NASA's Asteroid Collision Detection System Just Got a Powerful New Upgrade

Bringing next-gen precision to bear against the end of the world.
Chris Young
An diagram of thousands of NEOsNASA/JPL-Caltech

The probability of an asteroid 6.2 miles (10 km) wide and with the potential to end civilization impacting Earth is calculated to be 0.000001% every year, though that may be about to change. 

That's because NASA's second-generation asteroid detection system, Sentry-II, has just gone online, a blog post from the U.S. space agency explains.

The new system, outlined in a paper in the Astronomical Journal, will allow astronomers to calculate the orbits as well as the impact probability of asteroids in our solar system with far greater accuracy.

NASA bolsters its planetary defense capabilities

Even smaller asteroids than the 6.2 mile wide rock that killed the dinosaurs have a lot of potential for damage. As New Atlas points out, the meteor that flew and exploded over Chelyabinsk, Russia in 2013 injured almost 1,500 people, and it was estimated to be only 20 meters (66 ft) wide. 

That's why NASA is working on developing methods for asteroid collision prevention. One example is the space agency's Double Asteroid Redirection Test (DART) mission, which launched on Nov. 24. That mission is sending a spacecraft crashing into an asteroid at speeds of approximately 15,000 mph (24,000 km) to test if we can successfully alter the trajectory of a space rock in the event that we discover one that's Earthbound.

NASA's Asteroid Collision Detection System Just Got a Powerful New Upgrade
An artist's illustration of NASA's asteroid-bound DART spacecraft. Source: NASA/Johns Hopkins APL

In order to detect an asteroid on a collision course with Earth in the first place, the Center for Near Earth Object Studies (CNEOS) calculates the orbit of every near-Earth object (NEO) that has been detected so far — the number is roughly 28,000. Then, NASA's software, Sentry, is trained on these orbits to calculate if and when any of these NEOs may pose a risk to humanity. Incredibly, in under an hour, the software could calculate the impact probability for a newly-discovered NEO over the next century.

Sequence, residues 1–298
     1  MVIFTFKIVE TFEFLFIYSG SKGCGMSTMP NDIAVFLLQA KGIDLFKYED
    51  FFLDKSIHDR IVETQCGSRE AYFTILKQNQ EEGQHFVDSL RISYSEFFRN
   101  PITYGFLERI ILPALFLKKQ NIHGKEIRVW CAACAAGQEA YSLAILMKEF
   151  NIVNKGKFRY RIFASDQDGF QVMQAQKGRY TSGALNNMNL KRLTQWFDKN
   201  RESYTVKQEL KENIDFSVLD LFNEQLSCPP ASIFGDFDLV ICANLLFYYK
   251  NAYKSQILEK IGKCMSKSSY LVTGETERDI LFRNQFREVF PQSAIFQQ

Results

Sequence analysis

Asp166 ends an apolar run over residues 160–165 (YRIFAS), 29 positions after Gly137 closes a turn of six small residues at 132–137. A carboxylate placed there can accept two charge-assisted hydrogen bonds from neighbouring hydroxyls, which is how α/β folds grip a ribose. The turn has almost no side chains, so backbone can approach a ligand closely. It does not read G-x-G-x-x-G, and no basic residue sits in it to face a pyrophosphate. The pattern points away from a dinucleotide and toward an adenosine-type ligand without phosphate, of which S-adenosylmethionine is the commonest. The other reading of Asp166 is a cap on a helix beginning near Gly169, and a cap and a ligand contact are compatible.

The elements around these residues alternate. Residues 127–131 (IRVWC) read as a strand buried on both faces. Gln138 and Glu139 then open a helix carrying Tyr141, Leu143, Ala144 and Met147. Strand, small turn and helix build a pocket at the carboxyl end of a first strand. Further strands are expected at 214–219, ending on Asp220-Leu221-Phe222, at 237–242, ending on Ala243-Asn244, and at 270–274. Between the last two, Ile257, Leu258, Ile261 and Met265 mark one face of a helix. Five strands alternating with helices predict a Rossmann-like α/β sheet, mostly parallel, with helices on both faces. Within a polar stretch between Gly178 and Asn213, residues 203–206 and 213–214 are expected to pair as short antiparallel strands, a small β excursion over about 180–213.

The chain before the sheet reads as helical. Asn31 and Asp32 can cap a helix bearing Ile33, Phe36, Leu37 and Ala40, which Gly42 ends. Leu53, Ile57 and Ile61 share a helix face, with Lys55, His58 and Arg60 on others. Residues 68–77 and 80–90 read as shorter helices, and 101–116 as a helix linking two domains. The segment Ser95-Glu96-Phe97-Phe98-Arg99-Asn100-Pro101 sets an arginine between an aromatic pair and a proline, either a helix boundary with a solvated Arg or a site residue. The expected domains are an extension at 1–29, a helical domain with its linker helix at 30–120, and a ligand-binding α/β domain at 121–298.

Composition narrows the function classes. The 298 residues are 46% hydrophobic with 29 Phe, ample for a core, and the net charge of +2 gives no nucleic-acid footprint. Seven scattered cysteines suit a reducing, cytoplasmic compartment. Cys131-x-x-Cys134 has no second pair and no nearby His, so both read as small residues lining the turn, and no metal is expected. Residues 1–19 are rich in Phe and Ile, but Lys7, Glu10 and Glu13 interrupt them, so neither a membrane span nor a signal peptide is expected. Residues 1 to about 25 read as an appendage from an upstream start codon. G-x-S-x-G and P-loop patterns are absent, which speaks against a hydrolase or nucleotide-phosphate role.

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Sentry-II: a truly next-gen experience

The first iteration of Sentry was in operation for almost two decades, and, as impressive as it was, the time has come for an upgrade. Using complex mathematical equations, Sentry was incredibly accurate at calculating the orbital paths of asteroids based on the gravitational pull of the Sun and planets of our solar system. 

However, there are some effects that the first iteration of Sentry did not account for. For example, the Yarkovsky effect, which is when the Sun heats part of the surface of an asteroid as it nears the center of the solar system, creating thermal forces that can produce thrust and alter its trajectory. Though this effect has little impact on an asteroid's trajectory in the short term, it can vastly influence its paths over decades and centuries. 

NASA's astronomers have been aware of the Yarkovsky effect for years and they have manually corrected trajectories when necessary, though this is an incredibly time-consuming process, especially given the number of NEOs in the near universe.

Sentry-II will account for the Yarkovsky effect as well as a number of other effects that can similarly snowball to alter the course of an NEO's trajectory over many years. The newest version uses a revised algorithm that models many different scenarios for an asteroid, allowing it to calculate a greater number of low-probability impact scenarios.

"Sentry-II is a fantastic advancement in finding tiny impact probabilities for a huge range of scenarios," says Steve Chesley, a senior research scientist at JPL who works on the Sentry program. "When the consequences of a future asteroid impact are so big, it pays to find even the smallest impact risk hiding in the data."

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